“I’m lucky to get so much experience,” he said. “There are so many things the environmental health field offers. Just like engineering, it’s hard to pinpoint one thing. So, I’ve got a very broad interest when it comes to this stuff.”

Dr. Carol Goodwillie, associate professor in the Department of Biology, works with fellow associate professor in biology Dr. Ariane Peralta on the research.

“Our results are helping us to understand the potential effects of human-caused nutrient enrichment of the environment, such as fertilizer runoff and deposition of airborne nutrients from industrial processes,” Goodwillie said. “Our results also shed light on how suppression of wildfires — a natural, historically important form of disturbance in our region — affects the diversity of plant communities. Finally, we’re interested in how drainage ditches — an ever-present feature of the human impacted landscape in the coastal plain — affect the plants that grow in natural areas.”

The research has been going on since 2003.

“Fertilization, lack of mowing and close proximity to the ditch or drainage have similar effects in reducing the diversity of the plant community,” Goodwillie said. “With both fertilization and drainage, we tend to lose slow-growing, wetland specialist species. Without mowing, the plant community has shifted to one dominated by a few rapidly growing trees and vines, and we have lost small plants of the understory.”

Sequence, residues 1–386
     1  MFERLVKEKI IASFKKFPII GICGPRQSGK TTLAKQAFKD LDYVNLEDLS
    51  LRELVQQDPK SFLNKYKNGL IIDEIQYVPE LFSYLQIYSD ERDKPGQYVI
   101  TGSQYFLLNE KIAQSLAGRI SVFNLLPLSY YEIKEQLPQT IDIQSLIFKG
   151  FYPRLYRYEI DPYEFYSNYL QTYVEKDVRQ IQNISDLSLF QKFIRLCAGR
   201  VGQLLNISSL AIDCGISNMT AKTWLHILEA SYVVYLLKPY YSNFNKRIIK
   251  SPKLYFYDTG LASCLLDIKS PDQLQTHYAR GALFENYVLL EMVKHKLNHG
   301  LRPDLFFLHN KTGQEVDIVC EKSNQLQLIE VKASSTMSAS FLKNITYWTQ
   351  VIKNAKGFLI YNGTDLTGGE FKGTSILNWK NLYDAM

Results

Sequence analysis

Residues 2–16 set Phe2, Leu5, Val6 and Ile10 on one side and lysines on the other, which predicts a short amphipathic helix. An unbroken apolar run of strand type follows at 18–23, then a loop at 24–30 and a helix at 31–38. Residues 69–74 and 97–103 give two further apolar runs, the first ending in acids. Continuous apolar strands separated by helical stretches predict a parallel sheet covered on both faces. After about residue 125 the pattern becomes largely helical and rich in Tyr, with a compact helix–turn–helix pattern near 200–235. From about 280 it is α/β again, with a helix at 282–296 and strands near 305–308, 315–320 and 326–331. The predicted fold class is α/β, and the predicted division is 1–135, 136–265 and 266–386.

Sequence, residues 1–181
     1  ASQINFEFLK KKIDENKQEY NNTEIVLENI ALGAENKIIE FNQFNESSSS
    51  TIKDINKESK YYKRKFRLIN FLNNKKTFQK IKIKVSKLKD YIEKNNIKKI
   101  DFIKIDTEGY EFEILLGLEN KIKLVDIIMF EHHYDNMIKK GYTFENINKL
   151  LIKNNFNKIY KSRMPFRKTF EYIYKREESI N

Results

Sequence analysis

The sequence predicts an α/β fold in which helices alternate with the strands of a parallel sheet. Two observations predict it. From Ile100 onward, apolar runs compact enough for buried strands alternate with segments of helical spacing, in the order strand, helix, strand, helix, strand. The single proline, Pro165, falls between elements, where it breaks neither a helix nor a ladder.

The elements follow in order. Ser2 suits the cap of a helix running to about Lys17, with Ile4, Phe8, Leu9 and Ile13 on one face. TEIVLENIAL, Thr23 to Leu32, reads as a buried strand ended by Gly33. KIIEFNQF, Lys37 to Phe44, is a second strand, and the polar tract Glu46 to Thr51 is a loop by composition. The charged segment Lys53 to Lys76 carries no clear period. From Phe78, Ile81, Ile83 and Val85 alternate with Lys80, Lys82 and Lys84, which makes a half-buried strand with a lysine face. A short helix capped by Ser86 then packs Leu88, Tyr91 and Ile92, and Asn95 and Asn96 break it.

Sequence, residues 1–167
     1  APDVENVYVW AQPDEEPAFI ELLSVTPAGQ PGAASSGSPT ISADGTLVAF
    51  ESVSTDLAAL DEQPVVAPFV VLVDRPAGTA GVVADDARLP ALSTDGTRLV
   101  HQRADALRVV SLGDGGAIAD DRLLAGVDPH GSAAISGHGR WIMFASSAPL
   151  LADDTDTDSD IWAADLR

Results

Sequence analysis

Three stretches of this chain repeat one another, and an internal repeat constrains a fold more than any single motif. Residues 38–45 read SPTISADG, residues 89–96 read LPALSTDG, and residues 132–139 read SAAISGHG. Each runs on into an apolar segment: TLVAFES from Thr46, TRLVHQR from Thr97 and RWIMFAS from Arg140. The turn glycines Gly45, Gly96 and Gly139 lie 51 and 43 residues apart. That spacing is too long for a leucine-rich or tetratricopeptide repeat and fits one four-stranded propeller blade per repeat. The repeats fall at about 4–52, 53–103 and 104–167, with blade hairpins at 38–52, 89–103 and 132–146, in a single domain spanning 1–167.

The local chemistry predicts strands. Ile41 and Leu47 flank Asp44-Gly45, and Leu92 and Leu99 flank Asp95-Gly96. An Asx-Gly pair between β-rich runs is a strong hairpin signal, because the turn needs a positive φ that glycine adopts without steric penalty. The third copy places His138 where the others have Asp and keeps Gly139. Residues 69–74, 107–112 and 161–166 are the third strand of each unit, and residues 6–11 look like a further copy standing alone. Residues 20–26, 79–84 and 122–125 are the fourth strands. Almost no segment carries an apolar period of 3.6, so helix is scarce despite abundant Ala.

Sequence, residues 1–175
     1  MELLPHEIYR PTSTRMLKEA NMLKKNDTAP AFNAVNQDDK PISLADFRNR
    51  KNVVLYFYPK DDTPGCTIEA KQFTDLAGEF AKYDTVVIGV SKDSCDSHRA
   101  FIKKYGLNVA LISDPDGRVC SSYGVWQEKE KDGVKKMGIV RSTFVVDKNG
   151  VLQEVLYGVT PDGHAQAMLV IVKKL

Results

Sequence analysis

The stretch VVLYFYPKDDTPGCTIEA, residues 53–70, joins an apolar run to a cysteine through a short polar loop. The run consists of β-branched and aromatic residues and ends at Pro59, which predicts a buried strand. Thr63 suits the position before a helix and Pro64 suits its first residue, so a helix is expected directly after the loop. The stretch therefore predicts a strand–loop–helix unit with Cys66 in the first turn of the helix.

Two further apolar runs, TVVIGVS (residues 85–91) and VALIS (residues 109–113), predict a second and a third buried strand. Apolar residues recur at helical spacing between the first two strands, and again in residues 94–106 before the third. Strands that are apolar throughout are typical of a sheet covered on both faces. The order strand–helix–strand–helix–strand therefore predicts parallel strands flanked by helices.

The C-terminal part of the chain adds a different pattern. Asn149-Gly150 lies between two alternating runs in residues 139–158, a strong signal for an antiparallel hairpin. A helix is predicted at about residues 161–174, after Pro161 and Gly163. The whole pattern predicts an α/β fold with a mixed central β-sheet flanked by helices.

Dr. Randall Etheridge installs new equipment at the West Research Campus.

Goodwillie worked with Dr. Randall Etheridge, associate professor with the Department of Engineering and CSE3, to have the new sensors installed and relishes the opportunity for research collaboration.

“It’s exciting to see the layers of investigation being added to the original research on the plant community,” she said. “There’s great potential to learn more and also train our students in interdisciplinary science. The links between our groups are both research and education oriented, as the experiment is the focus of several CUREs (Course-Based Research Experiences) for undergrads.”

She said the research provides undergraduate students the opportunity to participate in an authentic large-scale ecological study.

“I hope that my next group of students in the vegetation sampling CURE will be able to use data made possible by the new equipment as they formulate and test hypotheses about ecological processes going on in the research plots,” Goodwillie said.

Etheridge said the work by the CSE3 students is the first step in a pilot project involving the Water Resources Center, Dr. Ciprian Popoviciu, assistant professor in the Department of Technology Systems, and ECU’s Information Technology and Computer Services.

“We are slowly implementing the hardware to allow us to collect data in real time on campus,” Etheridge said. “This is not a new idea, but we are attempting to do it using low-cost, do-it-yourself equipment. The initial focus is on water resources, but we plan to expand beyond that. The equipment we installed is our pilot using cellular data transmission. We are discussing the first deployment on main campus using a different and cheaper radio technology.”